operator’s ability to give undivided attention to, and safely operate the carriage and control the
    carriage horse.
    (b) Age. Owners and drivers of horse drawn carriages shall be of such age and experience as
    specified in [the Department of Consumer Affairs Rules and Regulations] regulations of the DCA
    or successor agency.
    (c) Provision for mounts for those who hire. Owners of riding horses shall be responsible for
    providing a suitable and properly fitting mount for persons who hire a horse for riding purposes,
    matched to the rider’s age, current skill level and experience.
    (d) Provision for escorts. No person shall be permitted to take a riding horse off the stable
    grounds without the escort of a properly experienced rider unless such person has demonstrated
    sufficient skill in handling of the horse in the presence of stable personnel.
    (e) Joint liability of owner and renter.
    (1) An owner shall be jointly liable with the person to whom a horse is rented for any violation
    of [these regulations] this Chapter committed by such person if the owner had knowledge or
    notice of such act and did not attempt to prevent it from occurring.
    (2) Owners, operators, or riders of horses shall be in violation of [these regulations] this Chapter
    and of Subchapter 3 of Chapter 3 of Title 17 of the New York City Administrative Code if a
    horse is abused during their ownership, care or custody. Joint responsibility for a horse shall exist
    under circumstances as described in § 4-06(e) (1).
    (f) Civil violations and penalties. Any violation of Subchapter 3 of Chapter 3 of Title 17 of the
    New York City Administrative Code or of [these regulations] this Chapter shall be [may be
    prosecuted as civil violations] subject to a civil penalty of [a sum] not less than twenty-five nor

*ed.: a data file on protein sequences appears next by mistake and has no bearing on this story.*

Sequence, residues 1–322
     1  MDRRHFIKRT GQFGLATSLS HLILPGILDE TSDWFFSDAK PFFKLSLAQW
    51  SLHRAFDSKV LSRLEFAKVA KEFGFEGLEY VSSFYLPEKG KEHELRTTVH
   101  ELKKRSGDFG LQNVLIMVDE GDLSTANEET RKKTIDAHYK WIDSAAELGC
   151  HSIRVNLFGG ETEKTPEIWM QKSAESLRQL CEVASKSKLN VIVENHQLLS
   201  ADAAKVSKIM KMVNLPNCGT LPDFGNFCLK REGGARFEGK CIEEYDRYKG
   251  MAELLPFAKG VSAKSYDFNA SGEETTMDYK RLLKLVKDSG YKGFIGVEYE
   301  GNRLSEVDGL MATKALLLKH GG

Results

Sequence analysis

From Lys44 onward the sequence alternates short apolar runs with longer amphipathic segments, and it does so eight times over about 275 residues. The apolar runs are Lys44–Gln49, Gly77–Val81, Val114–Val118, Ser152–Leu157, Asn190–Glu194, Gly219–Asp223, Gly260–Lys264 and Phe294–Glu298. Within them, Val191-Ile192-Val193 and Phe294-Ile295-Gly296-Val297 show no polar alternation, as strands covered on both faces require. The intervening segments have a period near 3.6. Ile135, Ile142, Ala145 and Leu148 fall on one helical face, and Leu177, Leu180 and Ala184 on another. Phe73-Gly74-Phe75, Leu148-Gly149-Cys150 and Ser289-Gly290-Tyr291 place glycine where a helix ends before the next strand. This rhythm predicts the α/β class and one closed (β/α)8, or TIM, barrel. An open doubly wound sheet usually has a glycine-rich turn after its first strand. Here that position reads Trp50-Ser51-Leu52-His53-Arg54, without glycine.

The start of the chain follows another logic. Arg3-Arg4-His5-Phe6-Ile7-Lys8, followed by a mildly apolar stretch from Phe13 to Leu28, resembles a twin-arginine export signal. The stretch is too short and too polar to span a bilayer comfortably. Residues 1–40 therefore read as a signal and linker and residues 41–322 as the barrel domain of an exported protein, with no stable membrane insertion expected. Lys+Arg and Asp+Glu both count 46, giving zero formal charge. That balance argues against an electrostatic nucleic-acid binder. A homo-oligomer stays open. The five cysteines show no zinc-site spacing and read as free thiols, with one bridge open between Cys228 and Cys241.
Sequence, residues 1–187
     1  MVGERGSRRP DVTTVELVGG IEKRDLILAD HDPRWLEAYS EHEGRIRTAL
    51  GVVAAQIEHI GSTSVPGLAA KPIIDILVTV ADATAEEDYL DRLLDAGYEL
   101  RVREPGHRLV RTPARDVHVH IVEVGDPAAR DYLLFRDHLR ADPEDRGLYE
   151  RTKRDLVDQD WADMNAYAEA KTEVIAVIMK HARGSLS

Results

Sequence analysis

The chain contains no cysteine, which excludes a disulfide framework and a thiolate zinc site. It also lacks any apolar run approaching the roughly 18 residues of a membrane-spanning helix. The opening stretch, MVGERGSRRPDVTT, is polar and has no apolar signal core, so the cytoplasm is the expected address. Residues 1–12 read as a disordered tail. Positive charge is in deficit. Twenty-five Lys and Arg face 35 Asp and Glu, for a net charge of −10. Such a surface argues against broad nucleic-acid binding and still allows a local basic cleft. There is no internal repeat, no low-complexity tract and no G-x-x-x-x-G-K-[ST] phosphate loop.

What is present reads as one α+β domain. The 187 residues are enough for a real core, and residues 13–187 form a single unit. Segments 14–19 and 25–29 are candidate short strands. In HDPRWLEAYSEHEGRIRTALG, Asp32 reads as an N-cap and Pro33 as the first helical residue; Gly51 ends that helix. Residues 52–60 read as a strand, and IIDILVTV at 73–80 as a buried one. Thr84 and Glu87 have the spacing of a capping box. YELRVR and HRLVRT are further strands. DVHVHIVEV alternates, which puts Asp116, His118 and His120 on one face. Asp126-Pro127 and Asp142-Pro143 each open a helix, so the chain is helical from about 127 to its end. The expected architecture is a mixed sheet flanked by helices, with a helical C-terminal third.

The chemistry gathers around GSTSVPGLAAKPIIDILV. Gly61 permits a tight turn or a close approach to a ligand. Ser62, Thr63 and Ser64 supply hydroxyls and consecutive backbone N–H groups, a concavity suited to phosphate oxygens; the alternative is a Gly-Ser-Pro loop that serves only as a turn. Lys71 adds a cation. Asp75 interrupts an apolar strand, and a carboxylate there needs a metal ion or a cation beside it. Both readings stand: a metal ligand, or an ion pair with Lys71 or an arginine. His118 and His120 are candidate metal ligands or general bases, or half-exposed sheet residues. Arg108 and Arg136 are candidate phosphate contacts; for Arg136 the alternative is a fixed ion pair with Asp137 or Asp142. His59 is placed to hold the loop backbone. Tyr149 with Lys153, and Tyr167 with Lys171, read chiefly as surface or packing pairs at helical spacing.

more than five hundred dollars or by the suspension from work of the horse with respect to which
    the act which caused the violation was committed or by both such civil penalty and suspension.
    [Civil violations, under these regulations] Notices of violation seeking monetary penalties for
    violations of this Chapter or Title 17 of the Administrative Code shall be adjudicated before the
    Administrative Tribunal of the Department in accordance with Article 7 of the Health Code.
    (g) Appeals. An appeal [from such prosecution] of a notice of decision finding an owner in
    violation of the provisions of this Chapter or Title 17 of the Administrative Code may be had as
    provided for in Article 7 of the [New York City] Health Code.
    (h) Objections to suspension from work or revocation of license. An owner who objects to an
    order of the Commissioner suspending a horse from work or revoking a license issued pursuant to
    this Chapter may request that the Department schedule a hearing at the Office of Administrative
    Trials and Hearings of the City of New York (OATH) where the owner may show cause why
    17
    such order should not be enforced. Such hearing shall be scheduled for a date no later than 15
    days after the date of the order. An order suspending a horse from work because the Department
    reasonably believes that a horse’s health would be endangered by its continuing to work, shall not
    be stayed pending the outcome of such hearing.
    (i) Suspension or revocation of licenses. Licenses issued to individual owners of horses for use in
    a horse drawn carriage or other rental horse business shall be subject to grounds and procedures
    for suspension or revocation, in accordance with Article 5 of the Health Code and the rules of the
    Department in Chapter 7 of these Rules.
    §7. It is hereby proposed that §4-07 of Title 24 of the Rules of the City of New
    York be amended to read as follows:
    § 4-07. Training [Program]Course for Drivers of Horse Drawn Cabs; Fees.
    (a) Fee. Each person registering for the training [program] course offered to drivers of horse
    drawn cabs shall pay a non-refundable fee of twenty-five dollars ($25.00). [Except where the
    person has received course materials or has attended any part of the course, said fee shall be
    refundable upon request made prior to the conclusion of the course.]
    (b) Driver’s license. Each person registering for the course shall provide the Department with a
    copy of his or her currently valid New York State driver’s license and such other identification as
    the Department may require as part of his or her registration.
    (c) When a registrant demonstrates by his or her conduct that he or she is not willing or able to